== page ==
ECON 2007 Macroeconomic Theory
Credit Points 10
Legacy Code 200547
Coordinator Mamta Chowdhury Opens in new window
Description Macroeconomic Theory aims to provide alternative theoretical explanations of the working of the macroeconomy. The subject will be based on the analytical narratives of macroeconomic developments taught in Australian Macroeconomy. Starting from the basic IS-LM model, it derives the aggregate demand (AD) curve and examines the components of commodity and money markets. It also analyses the labour market and derives the aggregate supply (AS) curve of an economy. Using the AD-AS model, it examines the interdependent nature of macroeconomic problems (e.g. inflation, unemployment), and the effectiveness of fiscal and monetary policies within a closed economy context. The basic model is then extended to analyse open economy issues (e.g., exchange rates and balance of payments, external shocks and international interdependence). Whenever appropriate, alternative approaches to macroeconomics are evaluated.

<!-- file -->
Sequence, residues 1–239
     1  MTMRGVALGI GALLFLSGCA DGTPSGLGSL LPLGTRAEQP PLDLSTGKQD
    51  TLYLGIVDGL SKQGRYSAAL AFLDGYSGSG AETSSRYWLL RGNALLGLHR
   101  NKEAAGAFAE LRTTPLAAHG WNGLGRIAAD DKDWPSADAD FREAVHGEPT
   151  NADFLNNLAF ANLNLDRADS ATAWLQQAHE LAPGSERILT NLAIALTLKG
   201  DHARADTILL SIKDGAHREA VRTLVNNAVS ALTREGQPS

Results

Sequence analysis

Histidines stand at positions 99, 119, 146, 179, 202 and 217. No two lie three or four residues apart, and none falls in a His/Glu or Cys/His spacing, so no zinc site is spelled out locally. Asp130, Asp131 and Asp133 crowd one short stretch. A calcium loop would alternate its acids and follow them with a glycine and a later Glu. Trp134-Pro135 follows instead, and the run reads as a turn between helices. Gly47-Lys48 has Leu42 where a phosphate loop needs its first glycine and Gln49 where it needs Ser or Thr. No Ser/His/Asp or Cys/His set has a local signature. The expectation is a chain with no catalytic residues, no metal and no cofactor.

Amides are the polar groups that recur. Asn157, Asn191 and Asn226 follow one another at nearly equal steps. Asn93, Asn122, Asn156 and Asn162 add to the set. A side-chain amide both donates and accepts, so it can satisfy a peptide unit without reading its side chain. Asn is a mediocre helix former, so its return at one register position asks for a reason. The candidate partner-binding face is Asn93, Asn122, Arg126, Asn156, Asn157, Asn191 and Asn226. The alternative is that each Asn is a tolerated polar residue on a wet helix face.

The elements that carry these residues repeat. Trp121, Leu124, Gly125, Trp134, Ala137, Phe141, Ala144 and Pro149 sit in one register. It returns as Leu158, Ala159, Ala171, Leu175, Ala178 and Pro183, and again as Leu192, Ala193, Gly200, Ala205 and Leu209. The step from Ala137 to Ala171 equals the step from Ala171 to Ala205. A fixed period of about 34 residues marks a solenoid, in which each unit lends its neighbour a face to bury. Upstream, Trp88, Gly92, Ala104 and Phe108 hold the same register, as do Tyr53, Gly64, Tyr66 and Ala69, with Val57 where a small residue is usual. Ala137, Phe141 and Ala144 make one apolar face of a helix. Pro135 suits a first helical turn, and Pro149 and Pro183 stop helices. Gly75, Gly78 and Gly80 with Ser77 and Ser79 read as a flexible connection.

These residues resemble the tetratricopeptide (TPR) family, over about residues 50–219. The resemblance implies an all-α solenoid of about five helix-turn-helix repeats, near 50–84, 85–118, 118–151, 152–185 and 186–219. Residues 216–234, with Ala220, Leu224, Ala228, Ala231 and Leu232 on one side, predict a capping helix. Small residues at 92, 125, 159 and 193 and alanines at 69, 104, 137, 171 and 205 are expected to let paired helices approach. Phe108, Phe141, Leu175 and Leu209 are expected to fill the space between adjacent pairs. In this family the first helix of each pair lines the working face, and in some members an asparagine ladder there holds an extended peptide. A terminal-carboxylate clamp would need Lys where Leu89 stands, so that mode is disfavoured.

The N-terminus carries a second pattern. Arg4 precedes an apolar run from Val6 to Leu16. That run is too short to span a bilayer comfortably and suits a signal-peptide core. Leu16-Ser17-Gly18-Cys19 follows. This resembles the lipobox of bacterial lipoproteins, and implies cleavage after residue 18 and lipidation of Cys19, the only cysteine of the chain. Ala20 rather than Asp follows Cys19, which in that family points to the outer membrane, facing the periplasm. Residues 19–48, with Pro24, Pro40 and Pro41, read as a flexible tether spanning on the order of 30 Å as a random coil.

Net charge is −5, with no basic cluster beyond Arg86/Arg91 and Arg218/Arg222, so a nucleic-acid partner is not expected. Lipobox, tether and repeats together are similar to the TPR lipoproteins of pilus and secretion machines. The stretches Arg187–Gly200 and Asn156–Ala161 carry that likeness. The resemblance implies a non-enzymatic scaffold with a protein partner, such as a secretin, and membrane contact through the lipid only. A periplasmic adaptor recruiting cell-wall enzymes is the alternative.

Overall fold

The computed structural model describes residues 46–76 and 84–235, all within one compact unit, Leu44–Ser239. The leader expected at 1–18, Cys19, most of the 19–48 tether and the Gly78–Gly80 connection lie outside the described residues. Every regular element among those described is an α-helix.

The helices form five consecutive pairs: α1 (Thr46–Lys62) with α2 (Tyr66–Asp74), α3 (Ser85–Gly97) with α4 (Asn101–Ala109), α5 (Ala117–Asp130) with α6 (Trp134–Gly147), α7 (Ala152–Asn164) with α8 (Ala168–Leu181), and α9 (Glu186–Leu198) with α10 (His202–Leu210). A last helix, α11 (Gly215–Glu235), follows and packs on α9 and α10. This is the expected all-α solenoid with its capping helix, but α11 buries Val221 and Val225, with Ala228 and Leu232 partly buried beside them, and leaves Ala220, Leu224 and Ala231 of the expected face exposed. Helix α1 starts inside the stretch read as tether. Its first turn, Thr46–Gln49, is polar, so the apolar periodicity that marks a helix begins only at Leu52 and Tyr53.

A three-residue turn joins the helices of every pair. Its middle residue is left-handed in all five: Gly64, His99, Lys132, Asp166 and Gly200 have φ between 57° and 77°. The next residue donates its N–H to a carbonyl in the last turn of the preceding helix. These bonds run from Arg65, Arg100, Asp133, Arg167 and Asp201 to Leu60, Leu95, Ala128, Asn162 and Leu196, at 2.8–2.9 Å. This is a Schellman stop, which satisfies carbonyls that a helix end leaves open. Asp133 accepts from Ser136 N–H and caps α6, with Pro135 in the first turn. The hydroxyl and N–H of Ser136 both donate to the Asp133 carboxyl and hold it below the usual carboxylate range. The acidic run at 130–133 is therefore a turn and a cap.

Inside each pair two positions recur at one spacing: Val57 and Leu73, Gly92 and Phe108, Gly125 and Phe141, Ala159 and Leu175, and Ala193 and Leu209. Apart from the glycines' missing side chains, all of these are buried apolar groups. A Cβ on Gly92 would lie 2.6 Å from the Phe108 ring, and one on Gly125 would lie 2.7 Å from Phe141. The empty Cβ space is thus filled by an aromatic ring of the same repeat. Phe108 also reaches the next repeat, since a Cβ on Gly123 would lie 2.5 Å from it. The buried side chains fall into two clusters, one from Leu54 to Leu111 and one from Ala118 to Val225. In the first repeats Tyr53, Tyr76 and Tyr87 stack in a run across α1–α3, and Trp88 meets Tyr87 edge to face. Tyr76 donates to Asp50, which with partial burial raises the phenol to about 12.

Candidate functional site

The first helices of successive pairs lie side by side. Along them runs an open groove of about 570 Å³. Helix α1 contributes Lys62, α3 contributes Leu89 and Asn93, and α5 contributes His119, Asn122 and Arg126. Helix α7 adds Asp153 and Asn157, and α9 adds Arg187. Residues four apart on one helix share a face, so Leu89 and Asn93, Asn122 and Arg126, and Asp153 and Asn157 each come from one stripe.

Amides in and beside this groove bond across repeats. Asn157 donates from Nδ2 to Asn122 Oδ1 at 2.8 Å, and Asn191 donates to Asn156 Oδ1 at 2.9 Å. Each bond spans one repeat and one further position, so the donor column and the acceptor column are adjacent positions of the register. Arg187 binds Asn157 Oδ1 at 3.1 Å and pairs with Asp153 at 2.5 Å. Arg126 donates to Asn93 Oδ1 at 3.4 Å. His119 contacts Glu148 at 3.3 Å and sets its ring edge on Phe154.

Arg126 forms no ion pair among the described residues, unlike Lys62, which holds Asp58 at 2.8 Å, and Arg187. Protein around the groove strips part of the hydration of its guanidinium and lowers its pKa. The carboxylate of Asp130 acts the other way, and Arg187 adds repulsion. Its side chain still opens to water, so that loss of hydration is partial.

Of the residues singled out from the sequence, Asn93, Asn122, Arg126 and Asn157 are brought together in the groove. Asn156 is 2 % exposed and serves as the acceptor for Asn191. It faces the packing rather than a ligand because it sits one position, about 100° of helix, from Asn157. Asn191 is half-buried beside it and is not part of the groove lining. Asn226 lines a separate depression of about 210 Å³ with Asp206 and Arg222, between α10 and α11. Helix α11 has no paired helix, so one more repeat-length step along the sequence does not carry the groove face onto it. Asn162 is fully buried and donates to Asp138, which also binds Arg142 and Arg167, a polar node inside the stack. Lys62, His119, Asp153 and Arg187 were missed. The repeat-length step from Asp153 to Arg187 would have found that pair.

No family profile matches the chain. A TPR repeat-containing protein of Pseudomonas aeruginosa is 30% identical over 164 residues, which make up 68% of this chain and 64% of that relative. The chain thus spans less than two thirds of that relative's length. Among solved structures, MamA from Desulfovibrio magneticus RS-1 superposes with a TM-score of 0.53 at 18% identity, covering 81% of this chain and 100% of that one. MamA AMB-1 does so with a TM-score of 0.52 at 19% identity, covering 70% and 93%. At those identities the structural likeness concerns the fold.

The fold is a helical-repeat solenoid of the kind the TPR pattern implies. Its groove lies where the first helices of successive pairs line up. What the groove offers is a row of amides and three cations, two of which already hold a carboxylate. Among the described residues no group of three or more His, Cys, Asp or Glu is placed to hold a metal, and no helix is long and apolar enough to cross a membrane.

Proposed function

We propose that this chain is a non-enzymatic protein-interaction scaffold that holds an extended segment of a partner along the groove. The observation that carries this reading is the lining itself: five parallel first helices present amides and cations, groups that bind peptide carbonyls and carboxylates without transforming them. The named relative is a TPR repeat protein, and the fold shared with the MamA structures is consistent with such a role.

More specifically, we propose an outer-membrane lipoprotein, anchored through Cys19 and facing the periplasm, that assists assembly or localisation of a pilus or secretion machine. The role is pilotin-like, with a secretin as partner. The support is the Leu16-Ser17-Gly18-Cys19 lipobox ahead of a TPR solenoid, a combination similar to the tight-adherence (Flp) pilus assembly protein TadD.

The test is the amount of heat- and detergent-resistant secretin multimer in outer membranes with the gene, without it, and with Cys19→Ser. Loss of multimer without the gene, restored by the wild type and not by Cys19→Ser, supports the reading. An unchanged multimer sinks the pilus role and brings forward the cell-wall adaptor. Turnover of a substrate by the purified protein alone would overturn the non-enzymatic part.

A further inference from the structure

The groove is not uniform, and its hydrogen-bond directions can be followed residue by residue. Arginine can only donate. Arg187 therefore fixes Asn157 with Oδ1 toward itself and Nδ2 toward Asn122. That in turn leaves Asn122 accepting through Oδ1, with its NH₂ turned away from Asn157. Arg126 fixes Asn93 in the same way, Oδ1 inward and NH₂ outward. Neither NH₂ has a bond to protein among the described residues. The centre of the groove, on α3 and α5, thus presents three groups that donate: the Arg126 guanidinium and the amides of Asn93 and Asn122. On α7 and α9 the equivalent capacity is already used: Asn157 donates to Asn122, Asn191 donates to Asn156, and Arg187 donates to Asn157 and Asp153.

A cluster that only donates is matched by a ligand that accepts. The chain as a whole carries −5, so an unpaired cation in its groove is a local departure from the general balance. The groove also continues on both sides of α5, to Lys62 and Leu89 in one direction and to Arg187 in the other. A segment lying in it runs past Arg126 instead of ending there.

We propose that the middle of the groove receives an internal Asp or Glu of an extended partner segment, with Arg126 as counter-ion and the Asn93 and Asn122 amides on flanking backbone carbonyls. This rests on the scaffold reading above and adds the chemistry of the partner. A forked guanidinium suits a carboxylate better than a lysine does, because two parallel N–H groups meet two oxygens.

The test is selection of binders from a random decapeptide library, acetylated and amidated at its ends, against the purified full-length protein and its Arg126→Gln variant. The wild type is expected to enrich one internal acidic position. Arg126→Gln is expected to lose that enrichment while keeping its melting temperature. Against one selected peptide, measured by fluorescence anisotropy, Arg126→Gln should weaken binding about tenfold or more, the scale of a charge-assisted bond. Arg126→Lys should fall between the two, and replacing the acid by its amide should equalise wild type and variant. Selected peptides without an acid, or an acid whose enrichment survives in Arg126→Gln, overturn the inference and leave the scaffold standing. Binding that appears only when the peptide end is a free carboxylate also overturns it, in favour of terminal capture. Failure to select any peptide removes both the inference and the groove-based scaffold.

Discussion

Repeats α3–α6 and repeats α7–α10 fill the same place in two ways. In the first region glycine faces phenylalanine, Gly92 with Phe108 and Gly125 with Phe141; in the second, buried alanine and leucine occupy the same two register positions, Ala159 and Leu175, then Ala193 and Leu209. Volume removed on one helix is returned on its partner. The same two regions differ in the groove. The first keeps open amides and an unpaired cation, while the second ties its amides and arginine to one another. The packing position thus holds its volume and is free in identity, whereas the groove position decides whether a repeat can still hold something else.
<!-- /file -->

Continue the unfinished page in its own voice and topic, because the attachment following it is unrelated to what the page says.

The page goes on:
Student Contribution Band HECS Band 4 10cp
Check your fees via the Fees page.
Level Undergraduate Level 2 subject
Pre-requisite(s) ECON 1013
Equivalent Subjects LGYA 4311 - Macroeconomic Analysis
- Explain the nature of macroeconomic problems and policy dilemmas: inflation-unemployment trade-offs, government budget surpluses and deficits, current account deficits, and exchange rate movements
- Describe unemployment: causes, consequences, and policies
- Analyse inflation: causes, consequences, and policies
- Illustrate the link between balance of payments, exchange rates and interest rates
- Examine the role and effectiveness of fiscal and monetary policies.
- Apply analytical models of macroeconomics to understand economic policy in a changing environment
2. Equilibrium in the commodity market (the IS curve)
3. Equilibrium in the money market with endogenous money supply (the LM and MP curves)
4. Equilibrium in Goods and Money markets (the IS-LM model, the IS-MP model, and the aggregate demand curve)
5. Labour market and Unemployment, the aggregate supply curve
6. Exchange rates and balance of payments
7. Nature of inflation and unemployment and the Phillips curve
8. Monetary and Fiscal policy